My game today is this: when I go to do something, I have to say it in Japanese before I can do it, even if that means having to look words up in the dictionary. (There are some obvious work related exceptions where time is an issue.)
To be honest, this hasn’t always been as difficult as I expected, at least so far. I have been able to dredge some strange words up from the murky depths of my mind. For example, before I sat down to write this, the phrase ブログを書きます floated through my brain. I didn’t even realize that I knew the word ブログ!
I was going to cheat earlier today and make do with 日本語を勉強します (I am going to study Japanese), but my brain surprised me with 他動詞と自動詞を勉強します (I am going to study transitive and intransitive verbs)! Whew! Nice.
My resolve was brought into question this morning, though, when, in the middle of my shower (シャワー浴びます！）, I was going to wash my hair and got stumped…so, was I going to get out, dry off, grab a dictionary or just say, “Ah, forget it” and wash my hair? I wrestled with the idea for a moment before 洗います finally came into my mind. (Just so you know, I would have gone with the “Ah, forget it” option if it had come down to it.)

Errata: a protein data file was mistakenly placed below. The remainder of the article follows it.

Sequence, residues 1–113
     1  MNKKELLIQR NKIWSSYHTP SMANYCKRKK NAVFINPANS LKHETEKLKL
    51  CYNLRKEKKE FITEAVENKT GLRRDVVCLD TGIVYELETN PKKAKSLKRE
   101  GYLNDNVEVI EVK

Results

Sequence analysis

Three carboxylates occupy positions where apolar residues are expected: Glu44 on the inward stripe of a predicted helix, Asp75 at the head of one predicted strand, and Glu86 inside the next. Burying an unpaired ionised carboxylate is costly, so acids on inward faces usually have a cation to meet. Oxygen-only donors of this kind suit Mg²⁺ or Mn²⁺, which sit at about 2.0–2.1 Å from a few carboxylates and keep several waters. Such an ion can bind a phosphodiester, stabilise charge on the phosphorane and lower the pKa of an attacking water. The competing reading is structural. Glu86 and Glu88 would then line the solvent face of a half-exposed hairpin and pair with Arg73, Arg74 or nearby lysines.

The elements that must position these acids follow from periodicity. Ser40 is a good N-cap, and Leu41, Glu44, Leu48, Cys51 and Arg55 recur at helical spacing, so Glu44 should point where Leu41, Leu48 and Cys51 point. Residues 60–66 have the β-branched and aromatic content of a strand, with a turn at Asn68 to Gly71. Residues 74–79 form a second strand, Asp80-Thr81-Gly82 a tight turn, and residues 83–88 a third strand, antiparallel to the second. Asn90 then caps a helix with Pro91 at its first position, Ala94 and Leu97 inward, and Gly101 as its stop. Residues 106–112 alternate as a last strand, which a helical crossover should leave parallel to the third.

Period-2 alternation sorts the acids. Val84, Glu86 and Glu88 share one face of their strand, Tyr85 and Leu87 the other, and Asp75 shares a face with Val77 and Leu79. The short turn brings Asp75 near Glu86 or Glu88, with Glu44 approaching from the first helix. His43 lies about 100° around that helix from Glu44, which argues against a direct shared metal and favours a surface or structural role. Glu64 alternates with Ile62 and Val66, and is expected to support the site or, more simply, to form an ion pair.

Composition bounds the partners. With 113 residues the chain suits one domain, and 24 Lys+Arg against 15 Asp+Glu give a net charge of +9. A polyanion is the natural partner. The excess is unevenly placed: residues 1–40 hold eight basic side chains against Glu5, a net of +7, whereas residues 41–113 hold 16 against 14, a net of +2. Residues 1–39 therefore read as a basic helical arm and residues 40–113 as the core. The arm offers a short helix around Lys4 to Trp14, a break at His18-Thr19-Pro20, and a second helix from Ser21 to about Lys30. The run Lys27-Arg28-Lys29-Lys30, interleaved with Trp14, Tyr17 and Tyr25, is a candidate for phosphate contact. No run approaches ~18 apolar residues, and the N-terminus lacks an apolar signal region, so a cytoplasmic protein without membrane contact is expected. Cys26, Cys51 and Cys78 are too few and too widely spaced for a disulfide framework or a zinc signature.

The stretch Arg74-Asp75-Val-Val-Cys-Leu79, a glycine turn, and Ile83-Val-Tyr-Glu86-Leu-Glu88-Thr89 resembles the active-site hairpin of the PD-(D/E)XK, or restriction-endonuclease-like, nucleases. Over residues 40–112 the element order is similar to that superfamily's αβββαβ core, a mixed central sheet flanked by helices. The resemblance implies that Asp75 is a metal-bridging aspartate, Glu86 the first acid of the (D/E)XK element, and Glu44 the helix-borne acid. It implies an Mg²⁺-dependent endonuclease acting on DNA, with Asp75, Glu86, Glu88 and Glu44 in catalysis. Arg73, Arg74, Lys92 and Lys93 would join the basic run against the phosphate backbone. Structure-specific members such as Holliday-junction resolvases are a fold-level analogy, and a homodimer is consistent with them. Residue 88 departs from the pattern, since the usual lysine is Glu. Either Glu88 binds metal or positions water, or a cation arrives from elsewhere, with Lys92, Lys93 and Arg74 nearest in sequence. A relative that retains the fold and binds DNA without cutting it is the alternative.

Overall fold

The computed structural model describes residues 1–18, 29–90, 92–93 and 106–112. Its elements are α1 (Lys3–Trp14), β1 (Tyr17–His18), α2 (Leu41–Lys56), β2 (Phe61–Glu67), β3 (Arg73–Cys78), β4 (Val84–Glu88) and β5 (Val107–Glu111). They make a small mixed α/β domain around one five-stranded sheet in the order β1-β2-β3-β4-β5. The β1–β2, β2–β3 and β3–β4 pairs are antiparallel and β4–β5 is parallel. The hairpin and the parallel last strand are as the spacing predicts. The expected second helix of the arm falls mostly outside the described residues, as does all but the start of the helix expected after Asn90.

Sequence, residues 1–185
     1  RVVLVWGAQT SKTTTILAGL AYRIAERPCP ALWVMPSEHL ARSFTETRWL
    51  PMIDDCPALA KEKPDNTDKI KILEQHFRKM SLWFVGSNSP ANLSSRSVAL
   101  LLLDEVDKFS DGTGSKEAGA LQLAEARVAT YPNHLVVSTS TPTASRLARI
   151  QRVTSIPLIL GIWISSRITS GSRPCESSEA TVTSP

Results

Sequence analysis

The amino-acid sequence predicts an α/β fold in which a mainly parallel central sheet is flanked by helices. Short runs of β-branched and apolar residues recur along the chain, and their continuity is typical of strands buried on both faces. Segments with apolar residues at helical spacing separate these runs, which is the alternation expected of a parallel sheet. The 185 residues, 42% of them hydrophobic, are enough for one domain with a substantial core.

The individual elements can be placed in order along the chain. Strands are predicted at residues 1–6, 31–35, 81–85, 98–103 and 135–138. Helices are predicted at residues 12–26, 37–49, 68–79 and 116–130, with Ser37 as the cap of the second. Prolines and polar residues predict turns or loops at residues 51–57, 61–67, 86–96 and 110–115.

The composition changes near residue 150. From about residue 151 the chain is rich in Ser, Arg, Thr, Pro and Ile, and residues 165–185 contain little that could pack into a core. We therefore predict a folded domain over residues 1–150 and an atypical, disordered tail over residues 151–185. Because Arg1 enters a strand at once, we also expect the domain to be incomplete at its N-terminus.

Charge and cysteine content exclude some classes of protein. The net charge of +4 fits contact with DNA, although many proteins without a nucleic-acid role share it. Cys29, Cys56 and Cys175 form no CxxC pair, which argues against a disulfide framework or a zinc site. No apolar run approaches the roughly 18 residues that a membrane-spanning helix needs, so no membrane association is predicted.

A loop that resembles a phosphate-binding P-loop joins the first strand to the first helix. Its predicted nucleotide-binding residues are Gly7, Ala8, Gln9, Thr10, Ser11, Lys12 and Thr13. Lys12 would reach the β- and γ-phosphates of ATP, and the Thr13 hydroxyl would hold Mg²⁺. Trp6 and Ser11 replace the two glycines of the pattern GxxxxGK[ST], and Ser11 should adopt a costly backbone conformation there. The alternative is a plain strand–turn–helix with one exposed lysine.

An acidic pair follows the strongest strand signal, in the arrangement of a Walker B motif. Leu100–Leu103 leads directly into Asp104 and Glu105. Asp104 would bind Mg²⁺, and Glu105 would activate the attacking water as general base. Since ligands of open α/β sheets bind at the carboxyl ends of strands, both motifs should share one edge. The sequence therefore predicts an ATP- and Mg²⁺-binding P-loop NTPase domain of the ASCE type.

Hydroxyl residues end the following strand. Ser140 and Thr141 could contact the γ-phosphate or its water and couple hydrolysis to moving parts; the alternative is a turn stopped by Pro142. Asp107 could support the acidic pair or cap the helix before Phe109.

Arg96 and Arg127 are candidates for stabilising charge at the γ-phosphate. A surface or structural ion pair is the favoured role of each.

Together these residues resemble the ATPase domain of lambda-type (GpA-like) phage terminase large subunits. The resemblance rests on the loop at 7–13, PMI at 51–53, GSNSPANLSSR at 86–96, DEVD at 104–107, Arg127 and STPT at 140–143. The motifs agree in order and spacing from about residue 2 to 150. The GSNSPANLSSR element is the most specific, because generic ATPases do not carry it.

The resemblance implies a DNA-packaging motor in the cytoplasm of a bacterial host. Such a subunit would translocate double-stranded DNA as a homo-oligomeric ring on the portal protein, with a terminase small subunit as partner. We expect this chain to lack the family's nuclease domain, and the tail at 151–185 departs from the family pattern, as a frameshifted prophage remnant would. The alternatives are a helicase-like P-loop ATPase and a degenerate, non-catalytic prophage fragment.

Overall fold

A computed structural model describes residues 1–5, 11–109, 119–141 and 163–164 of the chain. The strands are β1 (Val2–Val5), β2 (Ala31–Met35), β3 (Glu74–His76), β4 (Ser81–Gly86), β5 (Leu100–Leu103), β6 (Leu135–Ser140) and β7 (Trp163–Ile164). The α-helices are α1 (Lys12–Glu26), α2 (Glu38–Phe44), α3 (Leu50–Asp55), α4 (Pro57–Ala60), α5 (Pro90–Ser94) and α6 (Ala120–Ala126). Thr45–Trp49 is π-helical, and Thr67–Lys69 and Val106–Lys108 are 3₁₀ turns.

Also, I have to admit that, in the press of the recent events, I have kind of let Anki slide, so I had 175 cards waiting for me yesterday, which I polished off and added 12 new ones. Then I had 176 waiting for me this morning. I got 150 of them done over breakfast.
Just as a reminder, I am using the Nihongshark core vocabulary deck, which gives you the isolated word in Kanji along with good audio on the front and the word in Kanji and Kanji on the back along with the definition and a picture to help it stick. For every ‘word’ card there is also a ‘sentence card’. The sentences range from short to long, present tense, past tense, formal, informal, all kinds of things. It’s a goldmine of stuff.
Did I mention that my wife and daughter are out of town this week, so I have lots of free time?
Yeah. Might as well use that time wisely, right?